Cattle farms, key factors of IEPA livestock rules

What you need to know to make sure your operation complies with regulations.

To figure out whether state livestock regulations apply to your farm, first determine whether it qualifies as an Animal Feeding Operation. See the criteria below. (Illinois Farm Bureau file photo)
To figure out whether state livestock regulations apply to your farm, first determine whether it qualifies as an Animal Feeding Operation. See the criteria below. (Illinois Farm Bureau file photo)
By Kay Shipman

Editor’s note: FarmWeek is highlighting applications of livestock rules to Illinois swine, beef and dairy farms.   

Illinois Farm Bureau wants to help farmers who raise cattle better understand Illinois Environmental Protection Agency (IEPA) livestock rules, whether those rules apply to their farms and related best management practices.

The most recent version of IEPA’s livestock rules took effect in August 2014.

Question: Do the regulations apply to my cattle farm?

Answer: First, determine if your farm meets the Animal Feeding Operation (AFO) definition, which isn’t simple for most cow-calf farms. If a farm doesn’t meet the definition of an AFO, the rules do not apply to it.

To be considered an AFO, a farm:

- Has been, is or will be confining and feeding, or maintaining animals for at least 45 days in any 12-month period in a lot or facility; and

- Does not sustain vegetation, including crops, forage and crop residue, during the normal growing season on any portion of the lot or facility.

Most cows housed in a lot or barn during the winter would meet the 45-day requirement. Plus, concrete floors don’t support vegetation, and most dirt lots that hold cattle for 45 or more days typically don’t maintain vegetation either.

A beef farm that uses grazing and pasture would not be defined as an AFO because vegetation grows during the normal growing season. But some pasture- and grazing-based farms also have feedlots, barns or smaller lots for winter feeding. Just because a portion of the farm may be pasture-based and not defined as an AFO does not mean that applies to the entire farm production area.   

For example, Farm A grazes 200 cows on pasture from April 1 through Nov. 30. From Dec. 1 through March 30, the cows are housed in a 10-acre fenced area and have no access to other pasture. During the winter, vegetation grows on less than 5 percent of the fenced area. Although the cattle graze pasture most of the year, the AFO rules would apply to the 10-acre area because cattle are confined for 45 days and most of 10 acres lacks vegetation during those winter months.

If a farm is defined as an AFO, the next step is to determine if it meets the definition of a Concentrated Animal Feeding Operation (CAFO). That determination depends on the actual number of cattle confined, not the capacity of a barn or feedlot – and whether pollutants are discharged directly or indirectly into waters of the U.S.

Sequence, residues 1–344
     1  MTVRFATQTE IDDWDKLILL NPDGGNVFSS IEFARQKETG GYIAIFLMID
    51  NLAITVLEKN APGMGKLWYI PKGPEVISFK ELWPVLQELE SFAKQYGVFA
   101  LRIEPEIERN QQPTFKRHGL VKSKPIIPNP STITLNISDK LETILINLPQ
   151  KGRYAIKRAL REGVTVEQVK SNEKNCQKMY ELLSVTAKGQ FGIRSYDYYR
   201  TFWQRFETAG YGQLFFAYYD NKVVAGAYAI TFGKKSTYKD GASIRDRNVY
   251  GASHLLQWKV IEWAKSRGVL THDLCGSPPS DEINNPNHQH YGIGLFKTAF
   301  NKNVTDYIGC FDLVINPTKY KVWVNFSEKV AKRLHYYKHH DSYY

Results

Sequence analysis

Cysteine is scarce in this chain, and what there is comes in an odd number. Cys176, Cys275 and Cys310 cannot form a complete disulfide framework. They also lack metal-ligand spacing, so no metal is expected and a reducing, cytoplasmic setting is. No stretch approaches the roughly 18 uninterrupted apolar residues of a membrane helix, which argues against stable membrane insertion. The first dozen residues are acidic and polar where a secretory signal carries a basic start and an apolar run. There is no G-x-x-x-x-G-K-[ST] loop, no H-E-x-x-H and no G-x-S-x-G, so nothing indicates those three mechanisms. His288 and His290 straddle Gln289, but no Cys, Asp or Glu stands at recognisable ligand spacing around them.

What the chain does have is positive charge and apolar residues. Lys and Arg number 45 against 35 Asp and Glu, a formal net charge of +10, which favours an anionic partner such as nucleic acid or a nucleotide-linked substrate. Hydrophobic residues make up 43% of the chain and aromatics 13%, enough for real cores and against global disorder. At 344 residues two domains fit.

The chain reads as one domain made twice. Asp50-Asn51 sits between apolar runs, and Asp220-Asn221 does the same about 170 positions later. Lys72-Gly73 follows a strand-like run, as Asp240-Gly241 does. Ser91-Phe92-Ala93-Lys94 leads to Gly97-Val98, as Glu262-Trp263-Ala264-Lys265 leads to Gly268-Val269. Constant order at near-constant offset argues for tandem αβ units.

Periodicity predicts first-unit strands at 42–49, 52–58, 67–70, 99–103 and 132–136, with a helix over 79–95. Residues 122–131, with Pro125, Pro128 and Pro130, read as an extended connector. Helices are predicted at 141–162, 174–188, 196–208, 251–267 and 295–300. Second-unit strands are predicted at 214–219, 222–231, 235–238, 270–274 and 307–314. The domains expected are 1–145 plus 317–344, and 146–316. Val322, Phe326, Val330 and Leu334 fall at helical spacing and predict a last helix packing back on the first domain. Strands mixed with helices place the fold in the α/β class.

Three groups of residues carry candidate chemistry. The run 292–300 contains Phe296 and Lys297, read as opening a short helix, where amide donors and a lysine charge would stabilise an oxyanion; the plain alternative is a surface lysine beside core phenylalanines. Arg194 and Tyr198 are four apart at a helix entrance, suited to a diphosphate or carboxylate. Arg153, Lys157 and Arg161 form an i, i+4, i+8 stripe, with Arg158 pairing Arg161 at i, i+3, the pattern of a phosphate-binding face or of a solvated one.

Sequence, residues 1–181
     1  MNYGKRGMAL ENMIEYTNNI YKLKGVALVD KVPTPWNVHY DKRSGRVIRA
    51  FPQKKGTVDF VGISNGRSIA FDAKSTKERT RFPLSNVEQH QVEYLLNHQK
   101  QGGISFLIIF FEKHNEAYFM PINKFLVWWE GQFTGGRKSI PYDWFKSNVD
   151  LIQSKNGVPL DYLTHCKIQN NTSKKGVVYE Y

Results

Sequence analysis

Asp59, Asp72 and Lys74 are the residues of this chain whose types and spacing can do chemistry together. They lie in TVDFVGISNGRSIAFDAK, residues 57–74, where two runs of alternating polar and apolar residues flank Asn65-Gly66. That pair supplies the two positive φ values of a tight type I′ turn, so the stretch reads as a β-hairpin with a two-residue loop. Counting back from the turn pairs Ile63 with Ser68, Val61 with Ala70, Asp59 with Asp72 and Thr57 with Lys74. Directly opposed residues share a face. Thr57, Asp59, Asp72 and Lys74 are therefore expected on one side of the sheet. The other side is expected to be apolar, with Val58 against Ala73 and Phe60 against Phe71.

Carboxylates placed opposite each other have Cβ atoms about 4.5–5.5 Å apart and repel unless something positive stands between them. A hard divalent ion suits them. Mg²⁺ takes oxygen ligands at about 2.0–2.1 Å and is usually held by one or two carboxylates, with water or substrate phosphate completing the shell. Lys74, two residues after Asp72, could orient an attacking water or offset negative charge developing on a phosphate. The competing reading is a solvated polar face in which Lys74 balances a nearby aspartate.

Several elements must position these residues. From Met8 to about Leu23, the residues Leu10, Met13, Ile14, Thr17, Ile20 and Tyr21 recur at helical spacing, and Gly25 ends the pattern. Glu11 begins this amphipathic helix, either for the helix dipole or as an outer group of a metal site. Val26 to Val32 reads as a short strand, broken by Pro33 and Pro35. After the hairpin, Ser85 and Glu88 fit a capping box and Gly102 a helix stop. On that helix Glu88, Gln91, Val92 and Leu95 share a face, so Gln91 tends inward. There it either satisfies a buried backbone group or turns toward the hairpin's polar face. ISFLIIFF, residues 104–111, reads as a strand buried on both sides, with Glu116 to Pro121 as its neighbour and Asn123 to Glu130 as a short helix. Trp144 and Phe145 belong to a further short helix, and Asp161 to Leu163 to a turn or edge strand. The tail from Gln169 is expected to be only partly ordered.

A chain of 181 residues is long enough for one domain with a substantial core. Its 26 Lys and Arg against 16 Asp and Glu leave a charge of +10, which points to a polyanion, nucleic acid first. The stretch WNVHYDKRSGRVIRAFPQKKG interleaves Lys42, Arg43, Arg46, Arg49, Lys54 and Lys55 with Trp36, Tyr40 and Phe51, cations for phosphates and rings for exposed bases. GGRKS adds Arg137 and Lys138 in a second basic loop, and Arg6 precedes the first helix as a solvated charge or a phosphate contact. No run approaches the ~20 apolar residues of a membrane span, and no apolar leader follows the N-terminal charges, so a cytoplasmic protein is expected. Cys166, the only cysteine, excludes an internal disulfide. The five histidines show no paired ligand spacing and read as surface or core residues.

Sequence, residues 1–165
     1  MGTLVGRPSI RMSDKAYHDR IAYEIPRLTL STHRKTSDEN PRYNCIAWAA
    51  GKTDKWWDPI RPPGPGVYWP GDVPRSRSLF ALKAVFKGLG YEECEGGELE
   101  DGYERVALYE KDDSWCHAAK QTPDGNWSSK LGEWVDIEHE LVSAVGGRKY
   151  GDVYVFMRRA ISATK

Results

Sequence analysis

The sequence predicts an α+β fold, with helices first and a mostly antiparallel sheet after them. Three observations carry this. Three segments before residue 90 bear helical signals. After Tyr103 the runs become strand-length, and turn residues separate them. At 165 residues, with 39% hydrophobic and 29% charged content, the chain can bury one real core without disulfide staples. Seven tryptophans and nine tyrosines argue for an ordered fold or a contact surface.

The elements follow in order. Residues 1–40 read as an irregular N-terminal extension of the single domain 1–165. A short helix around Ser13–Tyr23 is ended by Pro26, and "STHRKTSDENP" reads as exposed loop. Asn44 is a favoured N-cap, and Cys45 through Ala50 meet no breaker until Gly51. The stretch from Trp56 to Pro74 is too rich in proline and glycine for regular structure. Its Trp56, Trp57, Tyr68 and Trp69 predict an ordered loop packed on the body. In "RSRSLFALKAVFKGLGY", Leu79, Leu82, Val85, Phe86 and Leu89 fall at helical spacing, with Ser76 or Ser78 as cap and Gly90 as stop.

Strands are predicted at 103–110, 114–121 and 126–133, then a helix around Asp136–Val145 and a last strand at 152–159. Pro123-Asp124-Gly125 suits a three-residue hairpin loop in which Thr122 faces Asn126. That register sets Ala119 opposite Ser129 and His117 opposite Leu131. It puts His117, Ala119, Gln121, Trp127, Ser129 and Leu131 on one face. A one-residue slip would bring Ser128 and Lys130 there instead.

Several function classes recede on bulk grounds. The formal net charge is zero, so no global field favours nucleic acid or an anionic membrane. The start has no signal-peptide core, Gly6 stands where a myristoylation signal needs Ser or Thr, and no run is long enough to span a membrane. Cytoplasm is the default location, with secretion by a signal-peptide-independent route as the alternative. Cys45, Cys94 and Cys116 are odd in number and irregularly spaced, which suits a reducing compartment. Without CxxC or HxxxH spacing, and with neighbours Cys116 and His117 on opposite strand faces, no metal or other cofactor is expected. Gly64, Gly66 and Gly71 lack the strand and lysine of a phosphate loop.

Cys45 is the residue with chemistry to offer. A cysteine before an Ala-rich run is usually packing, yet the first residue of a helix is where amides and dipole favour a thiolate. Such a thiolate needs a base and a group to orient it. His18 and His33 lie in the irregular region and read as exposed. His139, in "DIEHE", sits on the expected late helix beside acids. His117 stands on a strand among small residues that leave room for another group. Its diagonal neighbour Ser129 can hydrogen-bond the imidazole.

A farm is defined as a large CAFO when it confines at least 1,000 head of cattle, which includes heifers, steers, bulls and cow-calf pairs for more than 45 days in a 12-month period. Only the cattle on the farm are counted, not a farmer’s total inventory.

A farm would meet the definition of a medium CAFO if it meets a threshold and discharges pollutants through a man-made ditch, flushing system or similar man-made device into a water of the U.S., or if water of the U.S. flows through the farm or comes into contact with the cattle. That size threshold is 300 to 999 head of cattle, including heifers, steers, bulls and cow-calf pairs.

To determine if any discharges occur, a farmer must consider his entire production area, including manure storage, feed storage and dead animal composting area.

An IEPA on-site investigation would be needed to determine if there is significant discharge of pollutants that would cause a farm to be defined as a small CAFO. A small CAFO confines one to 299 head of cattle. On a case-by-case basis, a small AFO may be given an opportunity to correct any problem that might cause a discharge.

Common ownership is another factor that may influence whether a farm meets a CAFO definition. If a farmer, partnership, company or corporation owns more than one site with confined cattle, consider if those sites meet IEPA’s definition of a single AFO.

IEPA would consider two or more AFOs under common ownership as a single entity if the sites are adjacent, or use a common area or system for handling and disposing of manure, such as applying manure to the same field. IEPA has no official definition of the word adjacent. However, barns located close to each other or those across the road from each other, sharing a common border or located on a contiguous parcel likely would be considered adjacent.

Q: Where do I go for more information?

A: The Illinois Agricultural Coalition, which includes IFB, Illinois Beef Association, Illinois Milk Producers’ Association and Illinois Pork Producers Association, developed resource guides available in swine, beef and dairy editions. The guides clarify and simplify IEPA rules, and identify best management practices.

For more information or to obtain a free beef resource guide, email Lauren Lurkins, IFB director of natural and environmental resources, at 

Q: If the regulations apply to me, are they easy to understand or do I need to hire someone?

A: Lurkins said the Beef Resource Guide is a good first step to help farmers become familiar with the rules, but does not take the place of hiring an engineer consultant or an attorney. 

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